I’ve interviewed Elizabeth Banks a handful of times now, and she comes across during a press day the same way she comes across in her work: down to earth, not fussy at all, and always just sort of slightly kidding about things.
I’ll have my full interview with her about the new film ‘Man On A Ledge’ soon, but for now, we wanted to share a short piece of the conversation when I brought up the impending onslaught of publicity and attention for “The Hunger Games.”
I just talked to Woody Harrelson about the film as well, and he seemed well aware of what sort of expectation there is for the movie. Banks, though, seems like she’s got her head down, focused on this year’s “30 Rock” and doing publicity for “Ledge” and basically anything that keeps her from thinking about the insane spotlight that she’s about to step into with this series.
I get it. It’s one thing when you make a movie in a vacuum and you release it and people suddenly fall in love with it and there’s a big fan base that grows from the movie. But this sort of big fat pop culture phenomenon that you’re adapting is something very different, and it comes with a totally different type of attention. Fans of the “Hunger Games” series have very strong opinions about the casting, and while some of the choices may have been controversial, it seems like fans have taken to the idea of Banks playing Effie Trinket in a big way.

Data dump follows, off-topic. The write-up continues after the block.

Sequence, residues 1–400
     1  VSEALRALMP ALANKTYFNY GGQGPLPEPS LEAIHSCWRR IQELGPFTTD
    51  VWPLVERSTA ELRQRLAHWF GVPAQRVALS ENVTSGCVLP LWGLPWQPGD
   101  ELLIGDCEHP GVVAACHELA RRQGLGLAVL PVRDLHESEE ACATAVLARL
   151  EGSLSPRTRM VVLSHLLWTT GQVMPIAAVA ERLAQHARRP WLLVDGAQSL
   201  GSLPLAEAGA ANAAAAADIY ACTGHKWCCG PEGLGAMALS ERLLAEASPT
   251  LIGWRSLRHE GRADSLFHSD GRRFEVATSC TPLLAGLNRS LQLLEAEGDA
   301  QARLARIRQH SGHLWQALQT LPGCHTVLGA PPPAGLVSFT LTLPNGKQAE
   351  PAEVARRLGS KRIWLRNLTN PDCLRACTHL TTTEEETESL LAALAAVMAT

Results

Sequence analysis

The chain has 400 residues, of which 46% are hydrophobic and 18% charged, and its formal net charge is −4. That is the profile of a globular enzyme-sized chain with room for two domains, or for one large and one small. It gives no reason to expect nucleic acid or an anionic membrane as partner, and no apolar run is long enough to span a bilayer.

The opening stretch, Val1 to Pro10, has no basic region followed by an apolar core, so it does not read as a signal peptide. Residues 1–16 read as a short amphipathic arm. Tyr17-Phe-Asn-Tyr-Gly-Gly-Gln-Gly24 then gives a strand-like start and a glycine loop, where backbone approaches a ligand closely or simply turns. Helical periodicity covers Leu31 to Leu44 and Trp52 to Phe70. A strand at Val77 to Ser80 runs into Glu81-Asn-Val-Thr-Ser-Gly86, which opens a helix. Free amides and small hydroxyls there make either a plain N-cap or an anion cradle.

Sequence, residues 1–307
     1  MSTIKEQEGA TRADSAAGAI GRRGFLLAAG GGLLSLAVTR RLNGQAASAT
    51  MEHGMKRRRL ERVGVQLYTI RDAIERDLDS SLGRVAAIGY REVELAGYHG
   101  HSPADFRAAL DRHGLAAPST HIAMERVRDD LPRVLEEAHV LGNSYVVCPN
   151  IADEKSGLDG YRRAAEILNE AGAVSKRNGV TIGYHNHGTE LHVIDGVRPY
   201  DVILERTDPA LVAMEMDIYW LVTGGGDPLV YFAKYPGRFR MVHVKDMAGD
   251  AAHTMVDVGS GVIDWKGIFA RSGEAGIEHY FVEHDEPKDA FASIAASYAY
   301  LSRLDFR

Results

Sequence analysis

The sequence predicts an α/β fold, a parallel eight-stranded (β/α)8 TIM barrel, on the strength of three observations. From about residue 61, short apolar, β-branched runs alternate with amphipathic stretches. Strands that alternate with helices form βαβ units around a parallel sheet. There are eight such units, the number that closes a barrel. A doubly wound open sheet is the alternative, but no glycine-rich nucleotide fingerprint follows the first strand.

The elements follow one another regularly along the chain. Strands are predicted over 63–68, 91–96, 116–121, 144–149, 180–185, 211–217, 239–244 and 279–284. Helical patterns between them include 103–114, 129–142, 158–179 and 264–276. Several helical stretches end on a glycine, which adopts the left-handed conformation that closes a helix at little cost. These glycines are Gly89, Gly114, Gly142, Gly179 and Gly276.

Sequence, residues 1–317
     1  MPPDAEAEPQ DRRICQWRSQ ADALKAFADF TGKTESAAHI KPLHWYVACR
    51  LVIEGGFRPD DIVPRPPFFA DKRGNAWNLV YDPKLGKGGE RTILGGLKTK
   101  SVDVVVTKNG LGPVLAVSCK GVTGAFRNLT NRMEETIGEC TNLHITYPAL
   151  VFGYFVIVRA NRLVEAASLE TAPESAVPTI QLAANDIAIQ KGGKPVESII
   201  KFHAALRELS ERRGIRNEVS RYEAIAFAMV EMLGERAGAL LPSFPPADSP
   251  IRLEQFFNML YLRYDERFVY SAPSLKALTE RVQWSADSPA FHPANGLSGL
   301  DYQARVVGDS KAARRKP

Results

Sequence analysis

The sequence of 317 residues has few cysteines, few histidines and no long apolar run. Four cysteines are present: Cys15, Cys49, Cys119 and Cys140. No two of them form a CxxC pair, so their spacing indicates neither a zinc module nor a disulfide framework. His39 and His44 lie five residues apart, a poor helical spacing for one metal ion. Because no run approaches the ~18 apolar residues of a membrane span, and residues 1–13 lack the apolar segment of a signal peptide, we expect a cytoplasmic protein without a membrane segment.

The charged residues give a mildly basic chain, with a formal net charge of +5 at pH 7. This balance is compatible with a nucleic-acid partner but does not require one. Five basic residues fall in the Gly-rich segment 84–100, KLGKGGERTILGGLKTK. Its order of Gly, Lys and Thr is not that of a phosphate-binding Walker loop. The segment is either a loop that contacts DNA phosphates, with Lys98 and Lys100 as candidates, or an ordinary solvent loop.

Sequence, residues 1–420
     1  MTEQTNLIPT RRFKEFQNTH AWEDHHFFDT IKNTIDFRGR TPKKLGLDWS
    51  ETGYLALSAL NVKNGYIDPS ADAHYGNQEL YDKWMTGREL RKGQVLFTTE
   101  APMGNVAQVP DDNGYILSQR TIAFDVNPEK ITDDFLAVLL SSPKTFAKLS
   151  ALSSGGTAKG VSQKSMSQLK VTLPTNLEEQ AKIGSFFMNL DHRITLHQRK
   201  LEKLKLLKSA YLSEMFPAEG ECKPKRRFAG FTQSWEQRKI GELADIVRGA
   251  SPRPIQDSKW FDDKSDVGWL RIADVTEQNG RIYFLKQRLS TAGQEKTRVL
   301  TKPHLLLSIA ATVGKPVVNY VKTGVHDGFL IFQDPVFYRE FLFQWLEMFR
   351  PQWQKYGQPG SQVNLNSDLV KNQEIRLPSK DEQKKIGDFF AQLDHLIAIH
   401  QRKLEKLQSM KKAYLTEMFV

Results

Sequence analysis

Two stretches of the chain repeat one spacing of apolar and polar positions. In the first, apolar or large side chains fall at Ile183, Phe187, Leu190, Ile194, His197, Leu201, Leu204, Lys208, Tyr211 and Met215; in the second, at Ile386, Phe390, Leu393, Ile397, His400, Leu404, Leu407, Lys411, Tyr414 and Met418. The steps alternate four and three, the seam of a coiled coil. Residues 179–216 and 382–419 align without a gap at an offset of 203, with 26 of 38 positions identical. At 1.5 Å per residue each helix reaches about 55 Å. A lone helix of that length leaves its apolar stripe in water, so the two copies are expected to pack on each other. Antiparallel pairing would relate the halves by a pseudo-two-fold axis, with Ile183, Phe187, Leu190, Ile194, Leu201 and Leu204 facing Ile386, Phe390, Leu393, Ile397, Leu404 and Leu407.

Effie’s a big character, and Banks is an interesting choice for the part. I like Banks, but one of the things I like about her is that she’s able to blend into films. She’s attractive, but she rarely looks the same from film to film. She’s funny, but she’s got a strong knack for drama. She’s hard to pin down, and that’s made her easy to cast but hard for audiences to get to know as “Elizabeth Banks,” which is, of course, the point. Effie wears clothes and makeup that are bigger than she is, a garish spray-on personality that marks her as a slave to the fashion of The Capitol. She is an important ally to Katniss Everdeen, the character played by Jennifer Lawrence, and if these films are going to work, we’d better love Effie.
I’ll have the full conversation with Banks soon, but for now, we just found it endearing that she’s trying to tune out that freight train headed her way, and we sincerely hope she enjoys her last few months as a working actor before she finds herself in the eye of a pop-culture hurricane.
“The Hunger Games” opens everywhere March 23, 2012.